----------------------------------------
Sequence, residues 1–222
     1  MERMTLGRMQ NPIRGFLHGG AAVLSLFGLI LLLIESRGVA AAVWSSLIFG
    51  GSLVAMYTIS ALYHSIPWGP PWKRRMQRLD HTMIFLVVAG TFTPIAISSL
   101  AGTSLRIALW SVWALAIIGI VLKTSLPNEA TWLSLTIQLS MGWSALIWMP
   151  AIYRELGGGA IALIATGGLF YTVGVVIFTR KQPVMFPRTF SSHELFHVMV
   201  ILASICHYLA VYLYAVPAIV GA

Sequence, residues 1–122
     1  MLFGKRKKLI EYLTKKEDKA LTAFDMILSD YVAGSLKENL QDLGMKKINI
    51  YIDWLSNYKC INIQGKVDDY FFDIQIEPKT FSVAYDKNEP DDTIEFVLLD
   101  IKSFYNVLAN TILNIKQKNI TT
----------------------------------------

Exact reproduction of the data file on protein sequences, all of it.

Sequence, residues 1–222
     1  MERMTLGRMQ NPIRGFLHGG AAVLSLFGLI LLLIESRGVA AAVWSSLIFG
    51  GSLVAMYTIS ALYHSIPWGP PWKRRMQRLD HTMIFLVVAG TFTPIAISSL
   101  AGTSLRIALW SVWALAIIGI VLKTSLPNEA TWLSLTIQLS MGWSALIWMP
   151  AIYRELGGGA IALIATGGLF YTVGVVIFTR KQPVMFPRTF SSHELFHVMV
   201  ILASICHYLA VYLYAVPAIV GA

Sequence, residues 1–122
     1  MLFGKRKKLI EYLTKKEDKA LTAFDMILSD YVAGSLKENL QDLGMKKINI
    51  YIDWLSNYKC INIQGKVDDY FFDIQIEPKT FSVAYDKNEP DDTIEFVLLD
   101  IKSFYNVLAN TILNIKQKNI TT